The two candidates for South County supervisor both oppose a medical marijuana clinic being proposed for Nipomo and frown on such clinics in general.
Paul Teixeira and Mike Zimmerman say clinics that provide marijuana for medical purposes attract crime, one of the arguments against the store being proposed for Nipomo.
In addition, such venues are running into routine community opposition, Teixeira said.
“Nobody wants them,” Teixeira told The Tribune on Monday. He likened them to toxic waste dumps in their lack of popularity.
Teixeira and Zimmerman are running to replace Katcho Achadjian as supervisor for South County, which includes Nipomo. Achadjian, a Republican, is leaving the Board of Supervisors after three terms to run for state Assembly, facing off in November against Democrat Hilda Zacarias and Libertarian Paul Polson.
The proposal to create a medical marijuana dispensary at 425-B North Frontage Road will go to the Board of Supervisors, still including Achadjian, for a vote today.
Applicant Robert Brody of Los Angeles appealed to the board after the Planning Commission turned him down in May.
Marijuana for medical use is allowed under state law, but not federal law. San Luis Obispo County has sanctioned no outlets, despite pleas from patients with cancer and other painful diseases who say marijuana alleviates their pain.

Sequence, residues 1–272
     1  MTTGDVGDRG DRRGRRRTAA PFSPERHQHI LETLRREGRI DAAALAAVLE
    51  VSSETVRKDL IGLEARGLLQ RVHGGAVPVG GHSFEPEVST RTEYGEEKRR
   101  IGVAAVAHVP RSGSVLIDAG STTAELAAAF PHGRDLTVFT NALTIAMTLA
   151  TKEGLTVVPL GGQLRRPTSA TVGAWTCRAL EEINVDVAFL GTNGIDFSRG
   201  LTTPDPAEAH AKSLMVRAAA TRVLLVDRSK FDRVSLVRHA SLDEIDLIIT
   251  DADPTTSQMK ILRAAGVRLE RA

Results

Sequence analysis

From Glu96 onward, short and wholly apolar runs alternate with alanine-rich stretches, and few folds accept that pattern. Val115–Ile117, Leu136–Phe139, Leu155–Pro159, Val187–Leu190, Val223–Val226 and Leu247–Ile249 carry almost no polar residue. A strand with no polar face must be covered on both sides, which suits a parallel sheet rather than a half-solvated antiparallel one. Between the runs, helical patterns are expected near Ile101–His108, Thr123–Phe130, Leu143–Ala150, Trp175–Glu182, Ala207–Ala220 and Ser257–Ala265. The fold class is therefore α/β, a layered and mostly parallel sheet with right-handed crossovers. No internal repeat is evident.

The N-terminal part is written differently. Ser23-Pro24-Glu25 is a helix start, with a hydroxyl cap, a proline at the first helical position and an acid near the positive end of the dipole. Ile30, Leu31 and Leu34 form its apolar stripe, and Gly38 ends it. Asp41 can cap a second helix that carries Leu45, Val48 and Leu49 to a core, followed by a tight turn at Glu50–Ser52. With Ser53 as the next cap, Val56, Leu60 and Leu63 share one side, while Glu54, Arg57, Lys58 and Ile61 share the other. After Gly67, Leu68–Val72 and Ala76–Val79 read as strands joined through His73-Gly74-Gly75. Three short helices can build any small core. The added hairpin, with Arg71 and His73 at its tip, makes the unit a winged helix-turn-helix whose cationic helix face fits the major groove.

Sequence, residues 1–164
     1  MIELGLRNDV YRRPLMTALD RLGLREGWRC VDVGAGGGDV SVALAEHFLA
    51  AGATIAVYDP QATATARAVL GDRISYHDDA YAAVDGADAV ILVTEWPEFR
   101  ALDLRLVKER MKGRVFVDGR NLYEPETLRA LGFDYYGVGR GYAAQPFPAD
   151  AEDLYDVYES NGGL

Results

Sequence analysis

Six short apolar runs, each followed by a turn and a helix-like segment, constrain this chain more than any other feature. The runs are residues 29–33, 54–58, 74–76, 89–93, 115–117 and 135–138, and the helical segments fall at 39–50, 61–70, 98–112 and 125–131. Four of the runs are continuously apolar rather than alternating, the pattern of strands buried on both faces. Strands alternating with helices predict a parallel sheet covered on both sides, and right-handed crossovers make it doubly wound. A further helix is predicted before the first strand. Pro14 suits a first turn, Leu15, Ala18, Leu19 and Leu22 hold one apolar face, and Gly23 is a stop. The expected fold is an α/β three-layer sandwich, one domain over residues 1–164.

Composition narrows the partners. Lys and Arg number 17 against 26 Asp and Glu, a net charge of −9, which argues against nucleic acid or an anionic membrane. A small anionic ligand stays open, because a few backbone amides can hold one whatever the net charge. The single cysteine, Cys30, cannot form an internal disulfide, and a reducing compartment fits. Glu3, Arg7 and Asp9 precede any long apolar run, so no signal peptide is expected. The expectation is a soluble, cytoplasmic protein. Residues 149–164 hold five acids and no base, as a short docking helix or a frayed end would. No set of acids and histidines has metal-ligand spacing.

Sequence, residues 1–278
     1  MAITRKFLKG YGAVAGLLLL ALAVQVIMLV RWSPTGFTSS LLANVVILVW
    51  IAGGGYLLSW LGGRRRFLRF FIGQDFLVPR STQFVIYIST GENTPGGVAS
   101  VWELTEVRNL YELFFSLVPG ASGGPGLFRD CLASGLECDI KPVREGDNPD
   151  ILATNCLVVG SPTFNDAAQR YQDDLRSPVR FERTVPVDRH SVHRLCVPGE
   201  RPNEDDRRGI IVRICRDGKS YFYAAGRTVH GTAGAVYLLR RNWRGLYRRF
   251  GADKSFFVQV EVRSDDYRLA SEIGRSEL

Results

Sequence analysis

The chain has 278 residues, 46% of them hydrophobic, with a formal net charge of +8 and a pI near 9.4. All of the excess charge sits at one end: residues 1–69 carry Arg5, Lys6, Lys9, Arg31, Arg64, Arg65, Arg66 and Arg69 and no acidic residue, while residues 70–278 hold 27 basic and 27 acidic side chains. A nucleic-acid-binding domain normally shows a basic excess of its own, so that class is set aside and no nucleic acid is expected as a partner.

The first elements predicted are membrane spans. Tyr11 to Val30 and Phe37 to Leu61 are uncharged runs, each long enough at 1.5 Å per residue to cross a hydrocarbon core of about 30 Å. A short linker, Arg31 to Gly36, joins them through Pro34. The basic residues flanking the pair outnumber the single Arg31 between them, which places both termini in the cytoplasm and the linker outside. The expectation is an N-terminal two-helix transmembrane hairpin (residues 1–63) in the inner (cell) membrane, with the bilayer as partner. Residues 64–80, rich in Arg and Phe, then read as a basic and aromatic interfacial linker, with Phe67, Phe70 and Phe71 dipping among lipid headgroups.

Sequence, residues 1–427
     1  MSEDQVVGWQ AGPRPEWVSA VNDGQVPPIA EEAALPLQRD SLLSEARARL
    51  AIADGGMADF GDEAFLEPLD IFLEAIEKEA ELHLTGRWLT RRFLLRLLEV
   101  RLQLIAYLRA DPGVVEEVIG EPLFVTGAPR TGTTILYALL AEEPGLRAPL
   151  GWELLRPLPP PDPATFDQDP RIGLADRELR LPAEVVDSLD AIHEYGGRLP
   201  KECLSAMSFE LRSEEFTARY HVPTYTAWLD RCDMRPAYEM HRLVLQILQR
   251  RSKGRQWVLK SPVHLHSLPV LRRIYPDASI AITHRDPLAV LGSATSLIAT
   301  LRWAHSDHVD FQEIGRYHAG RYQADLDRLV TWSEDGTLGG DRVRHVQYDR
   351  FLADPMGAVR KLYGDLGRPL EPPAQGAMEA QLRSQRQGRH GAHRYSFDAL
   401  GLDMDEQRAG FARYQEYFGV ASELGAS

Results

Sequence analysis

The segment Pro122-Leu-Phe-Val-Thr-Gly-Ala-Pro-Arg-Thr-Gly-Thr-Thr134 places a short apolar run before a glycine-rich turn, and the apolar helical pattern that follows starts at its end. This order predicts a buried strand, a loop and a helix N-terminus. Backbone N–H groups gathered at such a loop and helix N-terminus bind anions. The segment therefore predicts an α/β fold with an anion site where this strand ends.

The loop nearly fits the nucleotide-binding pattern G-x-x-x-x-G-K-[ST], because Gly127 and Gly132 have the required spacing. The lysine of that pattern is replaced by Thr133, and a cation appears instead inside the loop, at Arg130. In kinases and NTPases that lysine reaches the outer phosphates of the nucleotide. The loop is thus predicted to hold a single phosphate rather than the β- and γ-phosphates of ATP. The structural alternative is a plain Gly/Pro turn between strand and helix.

“This dispensary is for people who have doctor’s recommendations that are sick,” Brody told planning commissioners.
The proposed clinic would be in an industrial park and away from homes. But there is a nearby gymnastics studio that children attend, planning commissioners said in turning down Brody.
In addition to the potential crime problem and the possible presence of children in the vicinity, Zimmerman noted the difference between state and federal law and said clinics should not be allowed unless that is resolved.
The Sheriff’s Department opposed the clinic, as did the South County Advisory Council.
The Planning Commission vote was 3-2 against the clinic.
Commissioner Anne Wyatt, who was on the short end of that vote, said what the county is “seeing is a de facto moratorium on any of these businesses. That is the bigger issue. It’s sad for people who are in need of this.”